The Circle Voice

Changes, New Courses in the 2018-19 Course Catalog

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As one school year draws ever closer to summer break, another hovers in the horizon. For seniors, this means new adventures after Groton. For underformers, this means a brand new load of classes, which they will determine from the new Course Catalog. The 2018-19 Course Catalog marks the arrival of new electives and changes in the teacher or term for others. Perhaps most significantly, the Ethics requirement is changing considerably.

The Ethics requirement will change next year. Rather than a term of Ethics in the sixth form year, students are required to take one course in the Religion/Ethics Department in the Upper School. Sacred Studies, formerly a two-term class for students who arrive after third form, will be replaced with a similar Comparative Religion course (which will not count towards the graduation requirement).

Two new courses will run in the Religion/Ethics Department next year, The Holocaust (ha-Shoah), and Jerusalem: City at the Intersection of Judaism, Christianity, and Islam. Religion/Ethics Department Head David Nelson, who will teach both classes, says that the classes are part of a greater scheme to extend the Religion Department’s offerings in years to come.

Dr. Nelson designed these courses because of his interest in and experience with Jewish Studies, both in his professional and personal life. His course on the Holocaust will run in the fall. He says of the topic, “I consider it a subject that I have both the responsibility to teach and the honor of doing so.” His course on Jerusalem, on the other hand, will be taught in the spring. He notes his past experiences living in the city and its “global and political significance for all citizens of the world” as inspirations for offering the elective. Dr. Nelson says that he and Chaplain Christopher Whiteman, also a member of the Religion/Ethics Department, “are very excited about these changes and new course offerings!”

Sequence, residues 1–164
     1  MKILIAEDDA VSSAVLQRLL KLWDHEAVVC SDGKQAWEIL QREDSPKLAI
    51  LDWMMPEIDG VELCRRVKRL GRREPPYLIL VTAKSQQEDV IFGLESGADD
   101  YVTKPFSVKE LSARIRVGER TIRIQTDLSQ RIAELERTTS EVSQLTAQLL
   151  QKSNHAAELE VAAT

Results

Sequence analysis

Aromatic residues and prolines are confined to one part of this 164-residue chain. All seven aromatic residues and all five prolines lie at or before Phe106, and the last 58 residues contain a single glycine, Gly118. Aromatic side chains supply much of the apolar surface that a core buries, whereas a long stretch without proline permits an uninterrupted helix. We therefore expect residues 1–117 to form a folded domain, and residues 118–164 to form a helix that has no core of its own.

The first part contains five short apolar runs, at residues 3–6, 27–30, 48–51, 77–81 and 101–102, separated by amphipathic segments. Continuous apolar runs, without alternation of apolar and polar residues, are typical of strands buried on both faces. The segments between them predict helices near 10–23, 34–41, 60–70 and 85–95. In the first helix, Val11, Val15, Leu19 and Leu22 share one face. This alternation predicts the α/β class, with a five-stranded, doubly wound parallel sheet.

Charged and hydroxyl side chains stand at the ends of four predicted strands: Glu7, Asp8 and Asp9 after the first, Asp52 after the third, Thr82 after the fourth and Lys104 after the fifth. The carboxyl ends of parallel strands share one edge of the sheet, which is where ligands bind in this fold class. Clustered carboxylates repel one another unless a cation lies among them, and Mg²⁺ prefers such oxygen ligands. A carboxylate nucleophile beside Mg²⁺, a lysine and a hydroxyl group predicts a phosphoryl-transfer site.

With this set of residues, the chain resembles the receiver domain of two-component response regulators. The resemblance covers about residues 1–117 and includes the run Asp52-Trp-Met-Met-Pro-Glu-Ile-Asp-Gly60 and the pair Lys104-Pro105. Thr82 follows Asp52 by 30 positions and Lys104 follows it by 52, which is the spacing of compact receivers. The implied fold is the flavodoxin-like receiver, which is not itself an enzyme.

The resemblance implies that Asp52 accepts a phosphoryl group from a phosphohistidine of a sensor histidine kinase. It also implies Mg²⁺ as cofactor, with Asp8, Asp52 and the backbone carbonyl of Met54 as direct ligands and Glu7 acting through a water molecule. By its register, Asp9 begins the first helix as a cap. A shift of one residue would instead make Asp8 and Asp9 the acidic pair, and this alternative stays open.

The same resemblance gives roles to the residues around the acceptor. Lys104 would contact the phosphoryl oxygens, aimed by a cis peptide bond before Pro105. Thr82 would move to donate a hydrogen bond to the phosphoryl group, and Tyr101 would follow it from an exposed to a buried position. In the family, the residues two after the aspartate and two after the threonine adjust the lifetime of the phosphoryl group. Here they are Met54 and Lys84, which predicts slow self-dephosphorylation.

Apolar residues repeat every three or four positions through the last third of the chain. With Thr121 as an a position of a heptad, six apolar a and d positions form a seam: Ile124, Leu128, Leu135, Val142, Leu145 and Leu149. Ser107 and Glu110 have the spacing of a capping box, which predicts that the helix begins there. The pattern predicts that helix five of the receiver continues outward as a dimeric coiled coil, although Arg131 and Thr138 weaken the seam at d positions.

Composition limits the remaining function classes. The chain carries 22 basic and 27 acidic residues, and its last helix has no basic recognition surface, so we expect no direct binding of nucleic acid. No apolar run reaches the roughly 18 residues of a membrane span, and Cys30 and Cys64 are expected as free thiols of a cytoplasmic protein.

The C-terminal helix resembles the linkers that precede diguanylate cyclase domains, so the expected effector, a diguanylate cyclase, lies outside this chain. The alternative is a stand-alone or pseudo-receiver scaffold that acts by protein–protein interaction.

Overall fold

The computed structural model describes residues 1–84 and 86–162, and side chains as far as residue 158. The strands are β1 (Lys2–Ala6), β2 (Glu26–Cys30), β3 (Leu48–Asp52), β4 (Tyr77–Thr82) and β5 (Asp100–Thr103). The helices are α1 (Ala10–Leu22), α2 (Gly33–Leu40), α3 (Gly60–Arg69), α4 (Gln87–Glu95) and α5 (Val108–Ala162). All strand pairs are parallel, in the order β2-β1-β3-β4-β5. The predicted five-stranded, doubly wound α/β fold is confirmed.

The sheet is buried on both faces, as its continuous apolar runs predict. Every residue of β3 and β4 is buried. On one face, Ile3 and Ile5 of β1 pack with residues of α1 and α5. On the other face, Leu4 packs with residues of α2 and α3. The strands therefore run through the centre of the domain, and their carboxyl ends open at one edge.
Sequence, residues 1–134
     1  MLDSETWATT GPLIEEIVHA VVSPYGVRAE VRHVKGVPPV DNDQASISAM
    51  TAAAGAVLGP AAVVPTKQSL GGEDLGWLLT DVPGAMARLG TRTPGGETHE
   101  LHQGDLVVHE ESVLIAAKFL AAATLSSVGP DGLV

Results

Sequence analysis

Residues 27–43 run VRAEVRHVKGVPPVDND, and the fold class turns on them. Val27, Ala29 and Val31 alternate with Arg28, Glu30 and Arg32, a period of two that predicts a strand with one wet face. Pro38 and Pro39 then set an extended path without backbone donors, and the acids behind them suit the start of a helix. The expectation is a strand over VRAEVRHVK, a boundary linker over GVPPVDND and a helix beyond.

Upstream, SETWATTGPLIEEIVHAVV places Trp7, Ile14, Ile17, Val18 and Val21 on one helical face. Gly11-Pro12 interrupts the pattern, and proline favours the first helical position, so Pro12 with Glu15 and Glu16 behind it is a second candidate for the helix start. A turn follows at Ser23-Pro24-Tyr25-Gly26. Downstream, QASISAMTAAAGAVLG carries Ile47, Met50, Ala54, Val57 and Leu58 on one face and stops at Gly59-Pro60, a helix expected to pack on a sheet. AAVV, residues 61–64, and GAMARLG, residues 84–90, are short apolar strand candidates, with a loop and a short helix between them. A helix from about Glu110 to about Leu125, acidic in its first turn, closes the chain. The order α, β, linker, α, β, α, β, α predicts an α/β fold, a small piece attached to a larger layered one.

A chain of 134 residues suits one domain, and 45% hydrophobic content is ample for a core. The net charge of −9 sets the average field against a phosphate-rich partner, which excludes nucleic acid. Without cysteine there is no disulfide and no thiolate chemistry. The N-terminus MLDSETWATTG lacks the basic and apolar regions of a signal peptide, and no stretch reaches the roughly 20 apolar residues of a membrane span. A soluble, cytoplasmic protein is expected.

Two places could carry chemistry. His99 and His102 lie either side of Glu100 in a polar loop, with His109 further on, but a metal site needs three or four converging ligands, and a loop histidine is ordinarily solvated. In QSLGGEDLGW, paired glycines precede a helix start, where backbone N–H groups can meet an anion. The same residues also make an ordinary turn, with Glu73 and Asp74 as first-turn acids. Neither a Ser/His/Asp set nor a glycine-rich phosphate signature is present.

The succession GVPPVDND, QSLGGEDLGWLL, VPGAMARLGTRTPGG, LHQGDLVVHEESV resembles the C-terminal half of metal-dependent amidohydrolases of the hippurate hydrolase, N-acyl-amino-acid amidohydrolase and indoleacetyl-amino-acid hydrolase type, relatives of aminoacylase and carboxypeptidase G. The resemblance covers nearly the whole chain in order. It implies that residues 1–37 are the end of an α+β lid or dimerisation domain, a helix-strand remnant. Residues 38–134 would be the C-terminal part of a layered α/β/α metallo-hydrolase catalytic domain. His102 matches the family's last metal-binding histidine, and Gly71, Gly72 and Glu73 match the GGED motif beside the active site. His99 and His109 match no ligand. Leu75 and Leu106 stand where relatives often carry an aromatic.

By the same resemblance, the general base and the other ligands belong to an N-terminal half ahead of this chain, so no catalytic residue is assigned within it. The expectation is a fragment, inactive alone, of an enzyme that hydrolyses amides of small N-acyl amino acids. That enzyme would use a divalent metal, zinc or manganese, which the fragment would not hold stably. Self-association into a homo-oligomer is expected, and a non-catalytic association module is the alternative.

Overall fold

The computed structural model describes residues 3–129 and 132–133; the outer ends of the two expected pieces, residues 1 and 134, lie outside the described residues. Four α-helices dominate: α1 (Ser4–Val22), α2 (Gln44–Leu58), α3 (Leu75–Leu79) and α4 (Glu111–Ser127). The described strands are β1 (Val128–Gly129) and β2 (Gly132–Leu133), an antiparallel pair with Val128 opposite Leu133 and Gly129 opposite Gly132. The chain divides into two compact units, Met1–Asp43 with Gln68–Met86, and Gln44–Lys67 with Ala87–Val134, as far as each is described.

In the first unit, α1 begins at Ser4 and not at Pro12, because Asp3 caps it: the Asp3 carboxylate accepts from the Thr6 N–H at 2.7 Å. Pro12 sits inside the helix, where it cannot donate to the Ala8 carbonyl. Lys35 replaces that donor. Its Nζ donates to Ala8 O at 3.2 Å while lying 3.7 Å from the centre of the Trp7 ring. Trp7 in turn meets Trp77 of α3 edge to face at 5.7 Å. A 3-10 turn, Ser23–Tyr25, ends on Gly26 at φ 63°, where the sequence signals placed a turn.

Current teachers, as well as new ones, are replacing these losses in the Course Catalog with new classes in the Performing Arts, English, Mathematics, Religion, and World Languages Departments. English teacher Peter Fry, currently on sabbatical, will teach an non-departmental art history course. Mr. Fry was an art history major in college and has been contemplating running this elective for several years. He says his sabbatical gave him time to consider the logistics of teaching art history. He hopes to show students “why learning about art history enriches our understanding of humanity itself, as well as of human history.” He also hopes to bring students on field trips to nearby museums.

While Mr. Fry returns from his sabbatical in France, Laurie and her husband Brandt Belknap will depart on their own year abroad. Latin teacher Mary Frances Bannard will run the Public Speaking elective. Laurie explicitly requested that Ms. Bannard take over this class and has given Ms. Bannard her curriculum. Ms. Bannard says that the course will still culminate in Speeches of Conviction and run in the winter and spring. She says she is “eager and excited” to work with students towards achieving “confidence in their own voices and … a deeper appreciation for the power and nuance of communication and language.”

Groton’s sabbatical replacement for Laurie is Andrea Underhill, who works with the Peacock Players in Nashua, NH. Andrea will take over Second Form Theater, which comprises one of the three terms in the second form arts requirement, alongside music and visual arts. Andrea hopes to read, discuss, and act out stories and texts, as well as generally “play with creativity.” Laurie’s acting classes will be moved from fall and winter to winter and spring. In Acting, Andrea hopes to“allow students to find their niche as a performer” through experiences and reflections in pursuit of “deeper understandings of who we are as actors and as people.”